I think just seeing this again and again and in different forms in Casey Plett’s book kind of unlocked this for me. Every story revolves around a trans woman with maybe two exceptions (I think the driver girl is trans, and the boy in the final story is trans but doesn’t even realize it yet—the mirror scene seems to be the nail on that one). They are all fuck-ups in the very real, lived sense. And their shit falls out as often from their own actions, informed by their being trans, as anything external. And yes, they’re not in the midst of the whole lame transition narrative. They’re just trans. It’s part of their life. Not to say they really have like a handle on exactly the full extent of what that means, but it’s not like they’re struggling to come to terms and come out and get “the surgery” (just puked in my mouth a little). These stories laugh at that story—sometimes the characters really do mock that little tale too and it’s great.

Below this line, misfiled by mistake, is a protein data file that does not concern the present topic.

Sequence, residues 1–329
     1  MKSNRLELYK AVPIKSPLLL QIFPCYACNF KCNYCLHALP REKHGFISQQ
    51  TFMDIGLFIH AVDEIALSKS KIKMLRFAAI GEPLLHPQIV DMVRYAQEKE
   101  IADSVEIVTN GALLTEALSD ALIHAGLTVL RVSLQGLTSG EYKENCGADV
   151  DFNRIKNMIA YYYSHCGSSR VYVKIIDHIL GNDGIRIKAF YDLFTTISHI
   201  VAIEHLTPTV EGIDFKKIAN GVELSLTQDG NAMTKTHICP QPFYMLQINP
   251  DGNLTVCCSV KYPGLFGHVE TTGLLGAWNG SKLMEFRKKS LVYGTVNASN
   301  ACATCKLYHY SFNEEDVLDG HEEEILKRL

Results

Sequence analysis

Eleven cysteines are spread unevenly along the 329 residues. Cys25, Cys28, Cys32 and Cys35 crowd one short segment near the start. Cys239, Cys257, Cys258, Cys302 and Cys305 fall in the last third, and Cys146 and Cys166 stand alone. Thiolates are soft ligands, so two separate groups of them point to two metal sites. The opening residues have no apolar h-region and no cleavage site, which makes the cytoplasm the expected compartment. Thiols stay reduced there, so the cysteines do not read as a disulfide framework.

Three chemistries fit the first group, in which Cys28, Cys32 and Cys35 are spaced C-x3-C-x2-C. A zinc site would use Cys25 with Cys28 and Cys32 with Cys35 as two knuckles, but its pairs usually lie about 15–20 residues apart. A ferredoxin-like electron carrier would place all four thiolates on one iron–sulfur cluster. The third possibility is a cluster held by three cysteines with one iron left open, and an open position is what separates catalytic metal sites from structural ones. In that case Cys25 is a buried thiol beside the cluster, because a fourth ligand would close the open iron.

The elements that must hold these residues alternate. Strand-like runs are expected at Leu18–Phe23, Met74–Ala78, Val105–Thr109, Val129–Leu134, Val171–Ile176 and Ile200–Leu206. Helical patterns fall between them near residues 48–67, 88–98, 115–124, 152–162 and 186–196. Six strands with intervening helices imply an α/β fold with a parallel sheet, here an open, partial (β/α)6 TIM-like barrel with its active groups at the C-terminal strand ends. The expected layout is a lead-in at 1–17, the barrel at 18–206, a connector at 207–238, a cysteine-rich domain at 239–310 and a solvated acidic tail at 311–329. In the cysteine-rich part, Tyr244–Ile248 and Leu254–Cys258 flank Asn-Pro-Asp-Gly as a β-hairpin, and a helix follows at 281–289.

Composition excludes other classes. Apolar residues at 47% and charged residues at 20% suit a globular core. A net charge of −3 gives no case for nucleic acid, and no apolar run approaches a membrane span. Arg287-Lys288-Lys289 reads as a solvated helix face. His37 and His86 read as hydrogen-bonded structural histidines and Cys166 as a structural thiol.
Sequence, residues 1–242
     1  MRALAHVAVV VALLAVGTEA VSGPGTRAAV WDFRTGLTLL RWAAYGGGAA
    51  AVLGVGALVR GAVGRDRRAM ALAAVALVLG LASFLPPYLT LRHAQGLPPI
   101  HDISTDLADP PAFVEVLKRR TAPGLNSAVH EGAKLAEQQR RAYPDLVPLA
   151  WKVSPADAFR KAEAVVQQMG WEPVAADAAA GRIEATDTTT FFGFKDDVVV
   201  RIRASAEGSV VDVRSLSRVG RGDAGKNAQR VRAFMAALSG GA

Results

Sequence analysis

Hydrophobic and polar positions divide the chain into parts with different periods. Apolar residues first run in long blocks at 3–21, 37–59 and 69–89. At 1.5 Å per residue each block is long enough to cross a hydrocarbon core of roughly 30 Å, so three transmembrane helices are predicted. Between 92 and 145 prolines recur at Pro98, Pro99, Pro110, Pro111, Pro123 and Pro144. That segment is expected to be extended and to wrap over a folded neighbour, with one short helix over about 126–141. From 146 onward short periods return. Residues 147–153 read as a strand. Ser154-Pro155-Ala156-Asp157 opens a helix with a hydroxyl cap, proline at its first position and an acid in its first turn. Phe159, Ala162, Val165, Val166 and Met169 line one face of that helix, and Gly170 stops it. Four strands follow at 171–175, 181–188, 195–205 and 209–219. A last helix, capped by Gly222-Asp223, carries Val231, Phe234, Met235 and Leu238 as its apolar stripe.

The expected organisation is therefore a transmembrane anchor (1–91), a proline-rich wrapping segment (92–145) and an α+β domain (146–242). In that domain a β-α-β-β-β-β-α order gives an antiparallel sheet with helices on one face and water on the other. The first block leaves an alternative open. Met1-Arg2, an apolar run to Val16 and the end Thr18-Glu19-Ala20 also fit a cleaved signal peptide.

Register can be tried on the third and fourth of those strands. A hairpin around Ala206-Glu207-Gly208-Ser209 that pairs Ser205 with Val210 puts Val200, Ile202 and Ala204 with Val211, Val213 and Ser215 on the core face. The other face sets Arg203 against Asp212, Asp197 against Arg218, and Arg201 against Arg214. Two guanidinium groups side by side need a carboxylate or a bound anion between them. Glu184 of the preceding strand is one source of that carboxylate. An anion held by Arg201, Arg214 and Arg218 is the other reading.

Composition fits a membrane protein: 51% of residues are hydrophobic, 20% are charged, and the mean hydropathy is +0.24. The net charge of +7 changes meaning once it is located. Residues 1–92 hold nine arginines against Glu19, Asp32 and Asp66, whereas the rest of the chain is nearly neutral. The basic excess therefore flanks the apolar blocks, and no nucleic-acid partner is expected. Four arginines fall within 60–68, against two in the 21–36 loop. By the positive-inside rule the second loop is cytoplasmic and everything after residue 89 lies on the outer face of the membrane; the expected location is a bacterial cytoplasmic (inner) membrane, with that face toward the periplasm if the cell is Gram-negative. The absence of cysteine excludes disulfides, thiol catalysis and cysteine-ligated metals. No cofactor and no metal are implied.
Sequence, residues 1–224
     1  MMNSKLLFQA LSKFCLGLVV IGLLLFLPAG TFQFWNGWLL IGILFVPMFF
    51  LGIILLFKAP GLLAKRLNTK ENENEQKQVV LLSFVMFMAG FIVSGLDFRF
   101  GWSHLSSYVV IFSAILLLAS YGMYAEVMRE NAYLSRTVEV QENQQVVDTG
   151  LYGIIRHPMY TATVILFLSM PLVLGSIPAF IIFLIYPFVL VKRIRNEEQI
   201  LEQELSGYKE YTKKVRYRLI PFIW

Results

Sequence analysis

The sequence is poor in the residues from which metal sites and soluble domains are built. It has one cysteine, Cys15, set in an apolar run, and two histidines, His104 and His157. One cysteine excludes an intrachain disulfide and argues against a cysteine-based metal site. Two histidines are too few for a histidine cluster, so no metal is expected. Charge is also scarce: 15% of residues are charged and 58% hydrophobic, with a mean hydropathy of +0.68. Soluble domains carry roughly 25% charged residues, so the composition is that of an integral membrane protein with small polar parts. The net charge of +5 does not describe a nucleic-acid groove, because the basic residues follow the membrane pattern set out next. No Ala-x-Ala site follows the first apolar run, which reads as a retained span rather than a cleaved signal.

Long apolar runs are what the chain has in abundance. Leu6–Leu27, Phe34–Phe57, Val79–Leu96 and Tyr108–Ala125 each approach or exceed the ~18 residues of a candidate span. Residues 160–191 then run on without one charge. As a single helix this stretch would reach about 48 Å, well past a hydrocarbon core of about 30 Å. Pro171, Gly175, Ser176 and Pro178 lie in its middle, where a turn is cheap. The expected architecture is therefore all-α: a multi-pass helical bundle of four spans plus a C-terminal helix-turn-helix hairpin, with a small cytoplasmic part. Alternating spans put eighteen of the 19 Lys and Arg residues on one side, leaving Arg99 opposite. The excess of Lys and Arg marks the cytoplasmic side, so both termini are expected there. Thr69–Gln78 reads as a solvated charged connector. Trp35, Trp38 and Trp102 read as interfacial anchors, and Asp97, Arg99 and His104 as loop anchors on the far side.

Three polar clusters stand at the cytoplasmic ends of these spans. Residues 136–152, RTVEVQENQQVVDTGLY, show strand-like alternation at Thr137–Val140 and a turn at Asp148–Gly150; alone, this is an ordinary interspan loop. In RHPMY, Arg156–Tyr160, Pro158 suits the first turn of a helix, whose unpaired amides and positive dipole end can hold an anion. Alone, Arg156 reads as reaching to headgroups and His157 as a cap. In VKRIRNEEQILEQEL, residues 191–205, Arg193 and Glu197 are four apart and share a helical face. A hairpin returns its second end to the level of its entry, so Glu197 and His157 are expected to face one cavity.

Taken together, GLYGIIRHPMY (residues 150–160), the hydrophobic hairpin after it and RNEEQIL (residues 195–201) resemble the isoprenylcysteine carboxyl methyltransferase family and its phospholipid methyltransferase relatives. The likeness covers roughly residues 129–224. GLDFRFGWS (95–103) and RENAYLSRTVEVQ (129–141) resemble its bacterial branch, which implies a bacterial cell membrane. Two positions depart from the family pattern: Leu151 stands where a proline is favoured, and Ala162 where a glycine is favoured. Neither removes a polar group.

There will be a time not too long from now when the biggest thing in my life is my life and not transition. My life will be all wrapped up and conflated with being trans but so will the fact that I can act without thinking or think too much before acting and sometimes I fall in love and get hurt and sometimes I hurt people who love me. That shit doesn’t stop and won’t stop. I’ve been dealing with being trans for, well, forever, and that won’t stop either. Binnie’s novel and Plett’s stories are about that. That’s why they connect. Plus they’re just really fucking good.


The fact that Donald Trump is polling as high as he is: It’s a sad, depressing commentary on the mental state of many American citizens and the country’s abysmal, failing education system.

Offended people: Yes, you can call me a snob (guys, I probably grew up poorer than you did. And, holy fuck, would I never get into Yale or Harvard.)

Yes, you can call me a crazy feminist liberal (I plead: guilty)

But, you know, deep down, that shit is the truth. You’re just fools falling for the next Hitler because YOUR ANGER IS COOL NOW~! and refuse to give a shit about anyone else